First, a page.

Part of the book: When Things Go Wrong
Schizophrenia (SCZ) is a heterogeneous neurodevelopmental disorder that afflicts about 1% of the world population, imposing a huge financial and social burden on the community. Schizophrenia is characterized by three core features, positive (e.g., hallucinations, delusions) and negative symptoms (e.g., emotional blunting, reduced motivation), as well as cognitive impairments (i.e., working memory and attention deficits). Current antipsychotic treatments, which primarily target dopamine receptors, are effective at alleviating positive symptoms. However, dopamine‐specific therapies are insufficient to relieve negative symptoms and cognitive impairments, indicating other neuronal systems are involved in SCZ. Evidence for hypofunctioning glutamate and gamma‐aminobutyric acid (GABA) transmission in forebrain tissue has continued to culminate as major contributors to the onset of SCZ. Furthermore, recent genetic studies reveal disrupted mutations in neurodevelopmental proteins at glutamatergic and GABAergic synapses that are potentially responsible for the synaptic abnormalities seen in the disorder. Therefore, schizophrenia symptomatology is influenced by interactions of several neurotransmitter systems. In this chapter, we focus on how glutamatergic and GABAergic hypofunctioning contribute to the variety of symptoms presented in SCZ and its etiology. We also review the current treatment options with respect to their mechanism of action, side effects, and limitations and provide perspective of where research should be directed to move forward with treating this debilitating disease.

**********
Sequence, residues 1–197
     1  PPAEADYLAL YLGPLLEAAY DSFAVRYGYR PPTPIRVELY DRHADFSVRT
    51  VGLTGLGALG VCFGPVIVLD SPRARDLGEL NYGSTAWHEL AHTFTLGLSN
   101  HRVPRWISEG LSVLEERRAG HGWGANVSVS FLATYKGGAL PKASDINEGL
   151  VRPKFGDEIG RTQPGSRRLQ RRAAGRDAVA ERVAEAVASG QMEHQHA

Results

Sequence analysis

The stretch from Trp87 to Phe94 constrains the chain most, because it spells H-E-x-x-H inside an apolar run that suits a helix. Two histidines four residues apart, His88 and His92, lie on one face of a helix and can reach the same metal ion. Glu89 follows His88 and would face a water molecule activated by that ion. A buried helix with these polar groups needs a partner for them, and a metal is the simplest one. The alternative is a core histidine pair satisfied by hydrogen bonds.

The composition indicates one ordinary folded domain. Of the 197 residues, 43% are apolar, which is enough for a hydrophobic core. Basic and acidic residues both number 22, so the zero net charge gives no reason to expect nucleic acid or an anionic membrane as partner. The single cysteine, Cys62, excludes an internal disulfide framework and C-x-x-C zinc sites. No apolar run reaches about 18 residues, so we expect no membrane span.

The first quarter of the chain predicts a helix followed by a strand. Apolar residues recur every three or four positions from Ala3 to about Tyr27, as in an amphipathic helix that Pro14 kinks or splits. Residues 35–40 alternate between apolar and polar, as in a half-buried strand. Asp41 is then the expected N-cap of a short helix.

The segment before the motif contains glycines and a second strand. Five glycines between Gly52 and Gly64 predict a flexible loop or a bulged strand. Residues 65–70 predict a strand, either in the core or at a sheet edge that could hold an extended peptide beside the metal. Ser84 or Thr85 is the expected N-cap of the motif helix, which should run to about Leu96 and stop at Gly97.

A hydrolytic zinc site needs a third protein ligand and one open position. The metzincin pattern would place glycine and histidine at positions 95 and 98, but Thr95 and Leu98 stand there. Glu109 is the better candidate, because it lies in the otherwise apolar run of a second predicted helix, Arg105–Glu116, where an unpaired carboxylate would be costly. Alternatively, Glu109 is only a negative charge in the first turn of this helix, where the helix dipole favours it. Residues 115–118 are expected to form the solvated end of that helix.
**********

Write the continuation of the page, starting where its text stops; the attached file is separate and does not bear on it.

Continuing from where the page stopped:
Part of the book: Schizophrenia Treatment